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John Byrne
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Posted: 28 September 2018 at 7:33am | IP Logged | 13 post reply

DOWN PERISCOPE (1996)

Another one that's low brow but funny. Terrific cast of character actors.

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Robbie Parry
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Posted: 28 September 2018 at 12:48pm | IP Logged | 14 post reply

 James Woodcock wrote:
Re Robbie’s comments & A QUIET PLACE. people get pregnant for many reasons, some planned, some unplanned.

In the context of what happens earlier in the film, I can fully understand why someone would get pregnant.
Indeed, if no one did get pregnant in that scenario, the human race would be dead within a generation.

I know what you mean, James, but in that world, it'd be a risk that would almost certainly result in some deaths. Not everyone would have the means or know-how to create soundproof rooms.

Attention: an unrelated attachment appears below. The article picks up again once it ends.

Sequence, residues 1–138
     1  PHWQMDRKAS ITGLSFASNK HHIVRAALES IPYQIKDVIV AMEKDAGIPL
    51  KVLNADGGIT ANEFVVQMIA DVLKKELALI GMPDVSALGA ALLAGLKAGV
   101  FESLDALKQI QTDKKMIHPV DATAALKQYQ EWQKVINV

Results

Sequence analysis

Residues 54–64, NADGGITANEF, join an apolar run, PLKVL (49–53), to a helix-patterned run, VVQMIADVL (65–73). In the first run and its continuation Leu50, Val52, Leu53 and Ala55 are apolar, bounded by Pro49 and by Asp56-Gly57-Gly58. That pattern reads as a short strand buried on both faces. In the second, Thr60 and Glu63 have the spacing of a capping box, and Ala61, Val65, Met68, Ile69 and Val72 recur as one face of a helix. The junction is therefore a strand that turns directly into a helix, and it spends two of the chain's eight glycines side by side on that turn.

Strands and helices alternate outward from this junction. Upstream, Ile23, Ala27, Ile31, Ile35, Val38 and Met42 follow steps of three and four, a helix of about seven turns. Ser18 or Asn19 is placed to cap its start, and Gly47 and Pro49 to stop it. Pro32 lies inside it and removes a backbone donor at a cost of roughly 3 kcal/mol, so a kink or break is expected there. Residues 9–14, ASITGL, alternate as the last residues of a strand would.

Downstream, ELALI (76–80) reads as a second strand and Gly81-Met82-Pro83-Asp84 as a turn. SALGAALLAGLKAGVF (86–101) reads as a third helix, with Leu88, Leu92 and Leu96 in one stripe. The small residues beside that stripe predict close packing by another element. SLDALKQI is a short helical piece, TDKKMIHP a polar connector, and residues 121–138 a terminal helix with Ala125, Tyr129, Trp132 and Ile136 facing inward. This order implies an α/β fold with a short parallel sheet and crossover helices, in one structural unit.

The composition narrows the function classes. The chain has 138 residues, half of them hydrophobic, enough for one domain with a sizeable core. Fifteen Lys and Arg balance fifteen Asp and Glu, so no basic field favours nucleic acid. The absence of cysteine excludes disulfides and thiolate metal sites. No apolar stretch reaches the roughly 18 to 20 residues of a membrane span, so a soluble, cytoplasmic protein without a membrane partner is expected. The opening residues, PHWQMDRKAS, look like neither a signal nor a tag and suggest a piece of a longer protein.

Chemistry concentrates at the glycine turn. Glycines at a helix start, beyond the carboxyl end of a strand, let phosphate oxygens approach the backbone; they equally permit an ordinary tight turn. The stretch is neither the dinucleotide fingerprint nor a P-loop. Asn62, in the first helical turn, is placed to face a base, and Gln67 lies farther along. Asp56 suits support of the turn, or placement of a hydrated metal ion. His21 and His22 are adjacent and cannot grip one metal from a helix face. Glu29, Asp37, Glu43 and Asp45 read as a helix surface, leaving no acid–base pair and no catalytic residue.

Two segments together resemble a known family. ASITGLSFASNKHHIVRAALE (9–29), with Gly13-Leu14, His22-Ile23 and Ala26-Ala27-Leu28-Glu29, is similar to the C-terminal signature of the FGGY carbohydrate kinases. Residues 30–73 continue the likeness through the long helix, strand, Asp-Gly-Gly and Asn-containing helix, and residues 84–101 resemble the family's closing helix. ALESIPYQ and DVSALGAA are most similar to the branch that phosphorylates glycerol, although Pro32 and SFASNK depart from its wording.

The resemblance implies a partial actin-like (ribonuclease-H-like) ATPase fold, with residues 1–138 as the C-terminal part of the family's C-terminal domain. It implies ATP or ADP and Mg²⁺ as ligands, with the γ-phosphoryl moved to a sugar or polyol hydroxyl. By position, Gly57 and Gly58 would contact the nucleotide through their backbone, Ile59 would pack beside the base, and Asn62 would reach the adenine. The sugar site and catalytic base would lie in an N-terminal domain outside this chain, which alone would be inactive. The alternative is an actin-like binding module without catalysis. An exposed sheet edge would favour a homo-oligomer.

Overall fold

I think I'd be finding ways to defeat the invaders before considering "be fruitful and multiply..." ;-)
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Shaun Barry
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Posted: 01 October 2018 at 3:47pm | IP Logged | 15 post reply


Halloweentime around our household officially kicks into high gear on October 1st!

FRANKENSTEIN MEETS THE WOLF MAN (1943)
One of the better ones of the myriad Universal sequels, follow-ups or team-ups.  More stylish and moodier than most, even if Bela Legosi is ultimately a poor choice as the Frankenstein Monster.